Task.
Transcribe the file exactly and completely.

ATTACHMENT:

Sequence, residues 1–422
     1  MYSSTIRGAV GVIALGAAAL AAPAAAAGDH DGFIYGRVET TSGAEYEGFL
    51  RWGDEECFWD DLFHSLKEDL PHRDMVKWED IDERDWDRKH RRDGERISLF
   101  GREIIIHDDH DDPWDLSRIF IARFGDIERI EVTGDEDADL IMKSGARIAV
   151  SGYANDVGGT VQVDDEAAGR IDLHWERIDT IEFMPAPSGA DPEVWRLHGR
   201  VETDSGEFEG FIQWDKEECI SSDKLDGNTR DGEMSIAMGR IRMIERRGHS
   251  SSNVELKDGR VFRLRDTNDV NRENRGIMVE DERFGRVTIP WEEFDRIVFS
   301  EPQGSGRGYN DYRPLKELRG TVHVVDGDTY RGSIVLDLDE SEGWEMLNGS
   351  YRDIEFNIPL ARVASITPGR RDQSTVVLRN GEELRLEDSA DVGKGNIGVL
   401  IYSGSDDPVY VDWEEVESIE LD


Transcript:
Sequence, residues 1–422
     1  MYSSTIRGAV GVIALGAAAL AAPAAAAGDH DGFIYGRVET TSGAEYEGFL
    51  RWGDEECFWD DLFHSLKEDL PHRDMVKWED IDERDWDRKH RRDGERISLF
   101  GREIIIHDDH DDPWDLSRIF IARFGDIERI EVTGDEDADL IMKSGARIAV
   151  SGYANDVGGT VQVDDEAAGR IDLHWERIDT IEFMPAPSGA DPEVWRLHGR
   201  VETDSGEFEG FIQWDKEECI SSDKLDGNTR DGEMSIAMGR IRMIERRGHS
   251  SSNVELKDGR VFRLRDTNDV NRENRGIMVE DERFGRVTIP WEEFDRIVFS
   301  EPQGSGRGYN DYRPLKELRG TVHVVDGDTY RGSIVLDLDE SEGWEMLNGS
   351  YRDIEFNIPL ARVASITPGR RDQSTVVLRN GEELRLEDSA DVGKGNIGVL
   401  IYSGSDDPVY VDWEEVESIE LD